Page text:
Executive Order Signed to Create Voter Fraud Commission
POLITICO – A White House official told the pool of reporters monitoring the president on Thursday that the executive order will be more forward-looking rather than “reviewing alleged voter fraud [and] suppression.”
“The Commission will review policies and practices that enhance or undermine the American people’s confidence in the integrity of Federal elections — including improper registrations, improper voting, fraudulent registrations, fraudulent voting, and voting suppression,” the official told the press pool.
During last year’s presidential campaign, Trump offered repeated claims that the election would be rigged against him and would not commit to accepting the election results, instead insisting on reserving judgment until after votes were cast and the results released. Weeks after he won the election, Trump wrote on Twitter that “in addition to winning the Electoral College in a landslide, I won the popular vote if you deduct the millions of people who voted illegally,” an allegation for which he offered no proof.
Wal-Mart CEO to be Questioned in Lawsuit Over Mexican Bribery
Reuters – A federal judge on Thursday ordered Wal-Mart Stores Inc Chief Executive Douglas McMillon to submit to questioning in a lawsuit by shareholders hoping to learn what he knows about suspected bribery by the world’s largest retailer in Mexico.
U.S. District Judge Susan Hickey in Fayetteville, Arkansas, said McMillon’s “direct and personal involvement” in matters underlying a class-action lawsuit justified requiring him to sit for a deposition by the shareholders’ lawyers.
McMillon had been president of Wal-Mart International during a period when shareholders led by a Michigan pension fund said the retailer concealed suspected bribery by its Wal-Mart de Mexico unit to government officials, to speed up store openings.
The Bentonville, Arkansas-based retailer had argued that McMillon lacked the “unique or special knowledge” to justify burdening him with a deposition.
Acting FBI Chief Contradicts White House on Russia and Comey
NYT – The acting director of the F.B.I. contradicted the White House on two major issues on Thursday: the support of rank-and-file agents for the fired F.B.I. chief James B. Comey and the importance of the agency’s investigation into Russian election interference.
In a striking repudiation of official White House statements, the acting director, Andrew G. McCabe, said the inquiry was “highly significant” and pledged to the Senate Intelligence Committee that the F.B.I. would resist any attempt to influence or hobble the investigation.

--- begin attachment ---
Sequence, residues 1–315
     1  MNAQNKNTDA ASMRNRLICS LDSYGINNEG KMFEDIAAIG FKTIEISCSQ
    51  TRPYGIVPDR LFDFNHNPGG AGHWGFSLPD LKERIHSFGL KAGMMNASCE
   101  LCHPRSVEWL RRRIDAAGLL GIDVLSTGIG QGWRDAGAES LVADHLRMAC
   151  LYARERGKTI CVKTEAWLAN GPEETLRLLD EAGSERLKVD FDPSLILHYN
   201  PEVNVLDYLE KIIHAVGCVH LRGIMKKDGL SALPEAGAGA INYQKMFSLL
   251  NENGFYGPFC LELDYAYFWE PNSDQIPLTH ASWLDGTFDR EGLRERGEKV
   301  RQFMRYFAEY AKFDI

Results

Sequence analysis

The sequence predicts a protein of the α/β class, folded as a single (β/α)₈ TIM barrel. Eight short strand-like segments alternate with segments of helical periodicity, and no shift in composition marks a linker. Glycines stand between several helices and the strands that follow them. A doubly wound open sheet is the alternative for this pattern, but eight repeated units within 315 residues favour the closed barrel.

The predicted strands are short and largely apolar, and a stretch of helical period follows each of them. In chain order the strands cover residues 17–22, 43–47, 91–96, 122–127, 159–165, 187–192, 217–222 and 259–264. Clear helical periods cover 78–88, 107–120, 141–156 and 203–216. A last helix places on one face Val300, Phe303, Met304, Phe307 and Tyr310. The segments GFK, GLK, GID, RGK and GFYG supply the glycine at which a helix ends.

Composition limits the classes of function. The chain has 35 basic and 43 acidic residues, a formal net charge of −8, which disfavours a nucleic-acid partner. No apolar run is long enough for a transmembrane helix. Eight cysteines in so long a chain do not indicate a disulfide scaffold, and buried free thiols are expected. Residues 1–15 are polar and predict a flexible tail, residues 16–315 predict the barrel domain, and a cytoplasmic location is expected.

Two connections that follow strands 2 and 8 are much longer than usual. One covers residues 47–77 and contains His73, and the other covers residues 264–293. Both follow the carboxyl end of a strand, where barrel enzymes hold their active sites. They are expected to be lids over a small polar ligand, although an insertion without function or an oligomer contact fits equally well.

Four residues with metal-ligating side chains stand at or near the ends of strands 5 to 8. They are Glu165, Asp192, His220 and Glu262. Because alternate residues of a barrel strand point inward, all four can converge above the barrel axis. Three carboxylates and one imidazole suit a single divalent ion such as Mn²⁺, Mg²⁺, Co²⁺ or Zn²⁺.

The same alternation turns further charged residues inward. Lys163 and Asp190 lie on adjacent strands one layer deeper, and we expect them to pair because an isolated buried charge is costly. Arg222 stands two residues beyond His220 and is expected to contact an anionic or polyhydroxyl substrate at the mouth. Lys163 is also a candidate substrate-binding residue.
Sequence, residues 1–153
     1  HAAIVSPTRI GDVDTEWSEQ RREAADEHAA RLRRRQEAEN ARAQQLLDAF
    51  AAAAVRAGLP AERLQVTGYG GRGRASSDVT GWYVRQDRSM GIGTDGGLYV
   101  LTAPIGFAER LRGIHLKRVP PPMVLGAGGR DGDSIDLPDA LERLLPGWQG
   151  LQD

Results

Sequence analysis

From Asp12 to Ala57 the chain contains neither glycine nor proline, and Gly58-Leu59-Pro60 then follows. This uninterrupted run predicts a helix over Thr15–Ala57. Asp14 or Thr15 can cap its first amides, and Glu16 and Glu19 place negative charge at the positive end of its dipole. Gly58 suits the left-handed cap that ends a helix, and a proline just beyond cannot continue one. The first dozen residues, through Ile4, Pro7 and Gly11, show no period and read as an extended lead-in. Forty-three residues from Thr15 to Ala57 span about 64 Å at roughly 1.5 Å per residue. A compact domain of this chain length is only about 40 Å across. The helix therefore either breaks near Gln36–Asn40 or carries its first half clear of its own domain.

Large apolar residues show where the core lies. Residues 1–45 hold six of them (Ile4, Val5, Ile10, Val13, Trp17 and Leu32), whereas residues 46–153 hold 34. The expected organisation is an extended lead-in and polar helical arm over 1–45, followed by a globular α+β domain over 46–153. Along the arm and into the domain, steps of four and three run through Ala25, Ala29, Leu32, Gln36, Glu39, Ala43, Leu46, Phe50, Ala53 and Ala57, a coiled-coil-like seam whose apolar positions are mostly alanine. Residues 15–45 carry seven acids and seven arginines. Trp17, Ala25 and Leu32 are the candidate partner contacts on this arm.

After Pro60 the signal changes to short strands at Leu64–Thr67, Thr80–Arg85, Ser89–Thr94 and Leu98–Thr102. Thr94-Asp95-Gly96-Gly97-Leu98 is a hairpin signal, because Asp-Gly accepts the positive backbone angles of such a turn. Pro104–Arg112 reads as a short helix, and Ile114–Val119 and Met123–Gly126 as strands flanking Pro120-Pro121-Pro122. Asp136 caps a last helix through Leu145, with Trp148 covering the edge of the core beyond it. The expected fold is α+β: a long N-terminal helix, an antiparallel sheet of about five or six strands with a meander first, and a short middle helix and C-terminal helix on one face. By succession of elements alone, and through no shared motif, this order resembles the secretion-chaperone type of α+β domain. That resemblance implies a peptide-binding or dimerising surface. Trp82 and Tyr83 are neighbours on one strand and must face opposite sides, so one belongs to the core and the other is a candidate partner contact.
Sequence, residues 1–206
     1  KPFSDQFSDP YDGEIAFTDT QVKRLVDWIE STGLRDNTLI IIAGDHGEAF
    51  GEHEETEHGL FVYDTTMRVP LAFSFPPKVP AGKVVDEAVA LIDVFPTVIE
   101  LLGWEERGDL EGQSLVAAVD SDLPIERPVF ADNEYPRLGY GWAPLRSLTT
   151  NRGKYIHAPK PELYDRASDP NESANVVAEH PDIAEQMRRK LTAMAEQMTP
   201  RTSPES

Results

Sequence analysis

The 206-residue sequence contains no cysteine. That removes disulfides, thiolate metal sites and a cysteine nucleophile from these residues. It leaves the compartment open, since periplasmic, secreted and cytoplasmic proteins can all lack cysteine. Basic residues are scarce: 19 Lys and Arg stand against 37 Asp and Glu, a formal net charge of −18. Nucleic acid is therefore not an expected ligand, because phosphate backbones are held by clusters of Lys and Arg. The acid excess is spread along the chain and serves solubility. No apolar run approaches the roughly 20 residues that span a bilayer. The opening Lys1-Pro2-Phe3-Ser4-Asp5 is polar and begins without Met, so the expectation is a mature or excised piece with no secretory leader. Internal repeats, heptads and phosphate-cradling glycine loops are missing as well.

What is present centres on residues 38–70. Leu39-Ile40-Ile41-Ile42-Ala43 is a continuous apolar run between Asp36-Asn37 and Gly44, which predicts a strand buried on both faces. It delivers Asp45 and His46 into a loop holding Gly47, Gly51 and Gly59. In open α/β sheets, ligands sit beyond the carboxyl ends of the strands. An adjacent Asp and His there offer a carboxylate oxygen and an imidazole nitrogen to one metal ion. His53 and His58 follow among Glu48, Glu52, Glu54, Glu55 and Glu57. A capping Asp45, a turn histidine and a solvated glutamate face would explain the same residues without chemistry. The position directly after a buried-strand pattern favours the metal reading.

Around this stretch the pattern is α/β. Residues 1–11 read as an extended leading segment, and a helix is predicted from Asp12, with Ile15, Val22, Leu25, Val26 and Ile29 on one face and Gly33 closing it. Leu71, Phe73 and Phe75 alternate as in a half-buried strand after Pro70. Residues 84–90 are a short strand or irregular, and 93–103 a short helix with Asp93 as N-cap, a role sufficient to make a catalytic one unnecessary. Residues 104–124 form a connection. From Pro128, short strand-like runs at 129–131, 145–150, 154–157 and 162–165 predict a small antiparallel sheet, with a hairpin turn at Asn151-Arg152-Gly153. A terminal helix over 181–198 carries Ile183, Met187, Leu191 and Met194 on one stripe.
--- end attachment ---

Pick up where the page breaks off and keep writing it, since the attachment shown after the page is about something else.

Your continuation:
“Simply put,” he said, “you cannot stop the men and women of the F.B.I. from doing the right thing.”
That Mr. McCabe felt compelled to assert the F.B.I.’s independence was itself remarkable, a byproduct of the unusually public effort by Mr. Trump and his aides to take focus off the investigations into Russia’s election meddling.
TIME – Tillerson Says the US Won’t Be Rushed on Climate Change Policies
Arctic nations have renewed calls for the world to address climate warming, but U.S. Secretary of State Rex Tillerson says the United States will not rush to make a decision on its policies.
Tillerson spoke Thursday in Fairbanks, Alaska, at a meeting of the Arctic Council, an advisory group made up of the eight Arctic nations and indigenous groups.
The council adopted a nine-page “Fairbanks Declaration 2017,” which noted that the Arctic is warming at more than twice the rate of the global average. The document noted the importance of reducing soot and methane emissions and said climate change is the most serious threat to Arctic biodiversity.
Tillerson signed the document. But in opening remarks, he cautioned that the United States is reviewing several important policies, including how the Trump administration will approach the issue of climate change.
Why Do So Many Cities Have Poor East Ends?
the Guardian – From London to Paris, New York to Helsinki, poverty tends to cluster in the east. A new study sheds light on this global pattern of poverty
The question is so obvious that you could easily forget to ask it: why do cities so often have a poor east side? To be clear, the mystery is not why every city has its leafy and its grubby sections – it costs money to live in nice places and to avoid nasty ones, which tends to group people into them by wealth. The mystery is why the poor groups always end up in the east.
Of course, the true picture is never neat nor simple, but by common consent, a British-biased list of cities with poor eastern districts would include: London, Paris, New York, Toronto, Bristol, Manchester, Brighton and Hove, Oxford, Glasgow, Helsinki, and Casablanca. No doubt there are some cities where poverty clusters in the west, but they seem harder to find; perhaps Delhi and Sydney?